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Irish Elk (Megaloceros)


An Irish Elk stands in deep grass on a foggy hillside.
Daniel Eskridge/Stocktrek Images/ Stocktrek Images/ Getty Images


Irish Elk; also known as Megaloceros (Greek for "giant horn"); pronounced meg-ah-LA-seh-russ


Plains of Eurasia

Historical Epoch:

Late Miocene-Modern (5 million-10,000 years ago)

Size and Weight:

About 8 feet long and 500 pounds



Distinguishing Characteristics:

Large size; large, ornate horns on head


About the Irish Elk (Megaloceros):

First things first: although Megaloceros is commonly known as the Irish Elk, it's important to realize that this genus comprised nine separate species, only one of which (Megaloceros giganteus) reached dinosaur-like proportions. Also, the name Irish Elk is something of a misnomer, as Megaloceros had more in common with modern deer than American or European elks.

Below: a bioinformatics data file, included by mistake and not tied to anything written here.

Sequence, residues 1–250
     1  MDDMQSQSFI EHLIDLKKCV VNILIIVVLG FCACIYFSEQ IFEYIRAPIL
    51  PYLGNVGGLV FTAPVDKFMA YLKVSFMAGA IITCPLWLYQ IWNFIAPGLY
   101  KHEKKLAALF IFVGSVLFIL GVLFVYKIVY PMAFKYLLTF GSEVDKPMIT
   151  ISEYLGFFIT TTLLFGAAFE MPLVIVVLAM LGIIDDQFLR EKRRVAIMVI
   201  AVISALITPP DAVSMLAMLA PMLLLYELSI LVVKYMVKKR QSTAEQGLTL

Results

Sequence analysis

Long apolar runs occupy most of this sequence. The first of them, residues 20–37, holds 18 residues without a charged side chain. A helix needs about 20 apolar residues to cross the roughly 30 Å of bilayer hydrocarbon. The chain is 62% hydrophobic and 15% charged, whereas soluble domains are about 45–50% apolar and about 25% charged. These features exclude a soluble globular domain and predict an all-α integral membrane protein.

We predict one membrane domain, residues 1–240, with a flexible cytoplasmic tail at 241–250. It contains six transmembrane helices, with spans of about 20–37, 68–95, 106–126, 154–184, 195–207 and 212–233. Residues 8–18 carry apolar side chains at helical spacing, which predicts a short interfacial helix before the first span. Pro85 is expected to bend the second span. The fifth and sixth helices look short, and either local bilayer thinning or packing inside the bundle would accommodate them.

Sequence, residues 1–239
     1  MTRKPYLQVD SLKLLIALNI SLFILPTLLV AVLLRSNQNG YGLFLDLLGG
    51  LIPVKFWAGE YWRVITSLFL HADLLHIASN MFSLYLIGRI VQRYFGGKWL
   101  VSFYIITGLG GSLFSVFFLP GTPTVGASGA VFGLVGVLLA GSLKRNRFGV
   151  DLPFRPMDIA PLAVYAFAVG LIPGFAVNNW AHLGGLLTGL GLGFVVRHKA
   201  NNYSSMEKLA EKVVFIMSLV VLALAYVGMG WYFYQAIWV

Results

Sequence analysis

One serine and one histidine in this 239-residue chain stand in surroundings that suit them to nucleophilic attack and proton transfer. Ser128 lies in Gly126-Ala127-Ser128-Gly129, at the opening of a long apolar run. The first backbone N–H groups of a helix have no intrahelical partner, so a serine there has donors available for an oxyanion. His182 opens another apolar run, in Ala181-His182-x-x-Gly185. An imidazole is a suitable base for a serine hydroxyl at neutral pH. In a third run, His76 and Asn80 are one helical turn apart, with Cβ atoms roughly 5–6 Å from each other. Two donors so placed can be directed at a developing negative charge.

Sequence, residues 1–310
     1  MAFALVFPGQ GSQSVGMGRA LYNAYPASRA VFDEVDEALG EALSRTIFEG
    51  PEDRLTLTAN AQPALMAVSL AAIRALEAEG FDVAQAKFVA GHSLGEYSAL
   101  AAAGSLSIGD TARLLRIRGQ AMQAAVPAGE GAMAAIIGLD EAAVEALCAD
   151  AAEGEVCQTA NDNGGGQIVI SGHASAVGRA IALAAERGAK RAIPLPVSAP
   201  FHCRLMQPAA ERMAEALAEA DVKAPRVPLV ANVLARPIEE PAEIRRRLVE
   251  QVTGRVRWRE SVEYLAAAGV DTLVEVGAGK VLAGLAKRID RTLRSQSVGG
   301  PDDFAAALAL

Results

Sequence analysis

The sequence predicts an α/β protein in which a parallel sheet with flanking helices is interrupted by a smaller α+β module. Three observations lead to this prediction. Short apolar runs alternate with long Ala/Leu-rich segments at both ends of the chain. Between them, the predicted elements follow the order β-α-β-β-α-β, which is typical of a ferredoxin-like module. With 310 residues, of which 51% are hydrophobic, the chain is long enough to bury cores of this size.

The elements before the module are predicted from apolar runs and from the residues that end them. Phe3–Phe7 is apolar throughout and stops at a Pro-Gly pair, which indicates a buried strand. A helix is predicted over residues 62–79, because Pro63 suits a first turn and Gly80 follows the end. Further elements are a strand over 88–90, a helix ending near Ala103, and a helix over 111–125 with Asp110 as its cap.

Now that that's out of the way, the Irish Elk (at least Megaloceros giganteus) was the biggest deer that ever lived, about eight feet long from head to tail and weighing in the neighborhood of 500 pounds to half a ton. What really set this megafauna mammal apart, though, were its enormous, spreading, ornate antlers, which spanned almost 12 feet from tip to tip and weighed just short of 100 pounds. Why didn't these top-heavy antlers cause Irish Elk males to tip over? Presumably, they had exceptionally strong necks (not to mention a finely honed sense of balance).

Sadly, the majestic, giant-horned Irish Elk vanished off the face of the earth about 10,000 years ago, probably hunted to extinction by early humans.


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